New Hanover County settled 13 lawsuits in the time frame we analyzed, resulting in payments of $415,000. Almost all of the settlements stem from incidents connected to the New Hanover County Sheriff’s Office, including claims of injuries while plaintiffs were in custody.

The remaining county settlements involved allegations of wrongful termination. The county settled three wrongful termination claims filed by DSS workers in 2018 for a total $77,500, and paid another $72,500 to Kimberly Phillips following her termination from the Register of Deeds office. Shirley Delores Knox got $22,500 after she was fired from the sheriff’s office.

New Hanover County Schools paid out settlements in 19 cases from 2014-18 for a total of $311,924. Several of them were for nominal amounts of money, including a $61 payment to Redessa Archie, whose windshield was damaged by a softball at Hoggard High School.

The largest payment, for $99,900, went to Tiffany Tobe-Williams, an Ogden Elementary School assistant principal whose employment contract the district opted not to renew after a series of issues between Tobe-Williams and district administrators. She sued for wrongful termination, and NHCS settled with her and agreed not to fight her for collecting unemployment if she was unable to find another job.

NHCS also settled with parents of several students who were injured while at school or on field trips, and with the parents of two exceptional education students who felt the district had not provided adequate educational resources for their children.

Transparency varies

Some agencies were more comprehensive than others in the details they shared.

New Hanover County Schools (NHCS) provided the clearest picture, sharing settlement amounts for all claims, even those settled in house. Although some information had to be redacted to protect student privacy, NHCS provided a narrative and explanation for all claims.

New Hanover County, on the other hand, strategized on how and to what extent it would comply with our request for settlement agreements.

In emails obtained by WECT, Deputy County Attorney Sharon Huffman wrote, “Only settlement [agreements] which result from a filed lawsuit [are] public record… As I said previously we can arguably respond that we don’t have a record that compiles a list of settlement [agreements] and we don’t have to create…I think that may be upheld but not sure.”

Huffman wrote that ours was a “time consuming” request, and she indicated she already had a busy workload.

New Hanover County provided us the least information of the three agencies from which we sought records. NHC provided copies of settlement agreements for lawsuits that had been formally filed, but no information on claims it handled in house that still may have cost taxpayers a considerable sum of money.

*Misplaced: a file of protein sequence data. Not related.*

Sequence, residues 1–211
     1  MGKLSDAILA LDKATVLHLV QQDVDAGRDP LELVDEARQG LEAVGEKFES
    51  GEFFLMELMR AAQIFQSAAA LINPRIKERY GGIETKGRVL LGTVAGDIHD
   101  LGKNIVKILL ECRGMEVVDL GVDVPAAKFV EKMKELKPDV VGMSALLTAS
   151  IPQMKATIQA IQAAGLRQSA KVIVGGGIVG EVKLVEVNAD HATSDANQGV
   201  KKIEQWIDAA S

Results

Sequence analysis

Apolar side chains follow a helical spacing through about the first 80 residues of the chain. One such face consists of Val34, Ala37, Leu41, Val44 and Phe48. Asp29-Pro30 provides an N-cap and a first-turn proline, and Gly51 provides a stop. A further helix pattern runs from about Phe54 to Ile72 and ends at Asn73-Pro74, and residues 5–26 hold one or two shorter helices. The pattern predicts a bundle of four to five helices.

After follow up requests for more information, the county has agreed to compile it, but said it would not be ready in time for our deadline to publish.

WECT submitted our original request to all agencies for these records on Jan. 15, 2019. The city and county provided an initial round of documents in response to our request on Feb. 22. New Hanover County Schools sent its documents to us on Feb. 28.

Some plaintiffs were also required to stay silent in exchange for getting paid. Antoine Graham and Jerry Melvin sued officers from several local law enforcement agencies after Graham was shot and Melvin was shot at while allegedly trying to drive away from a DWI checkpoint in Brunswick County in 2013. While WECT previously reported the amount of the settlement payment, we’ve just learned after seeing the formal agreement that the plaintiffs would forfeit the $155,000 they received in the settlement if they talked to reporters about the incident or shared video from the night in question.

Graham’s settlement agreement reads in part:

“The plaintiff further agrees not to provide interviews or information to any news reporter, news media organization, or the like, or to any website, concerning the terms of the settlement…. The plaintiff agrees not to make any comments on social media about either the terms of this Settlement and Release or about the law enforcement videos from the June 2013 incident that is the basis of the Complaint and which have been provided to the plaintiff in discovery under a protective order…. If the plaintiff are asked by anyone about the terms or conditions of this Settlement and Release, he will limit his response to the following: ‘The matter has been resolved.’ If the plaintiff is asked by anyone about the videos, he will limit his response to the following: ‘No comment.’”


The City of Wilmington provided a list of claims handled in house, but did not include how much money was paid to settle those cases. The figure spent on settlements by these three agencies during the five-year period we analyzed may be considerably higher than $2 million, but that’s the only amount we can confirm. The city told us we would need to request financial data for in house settlements separately through the city clerk.

For the fifth year in a row, WECT has been invited to participate with several other newsrooms across the state in this Sunshine Week project. This year, the topic for the project was suggested by WECT.

In conjunction with eight other news outlets, we surveyed more than 60 public agencies statewide to learn more about the settlement agreements they strike with individuals and groups, and the taxpayer money that flows in an out of public coffers as a result.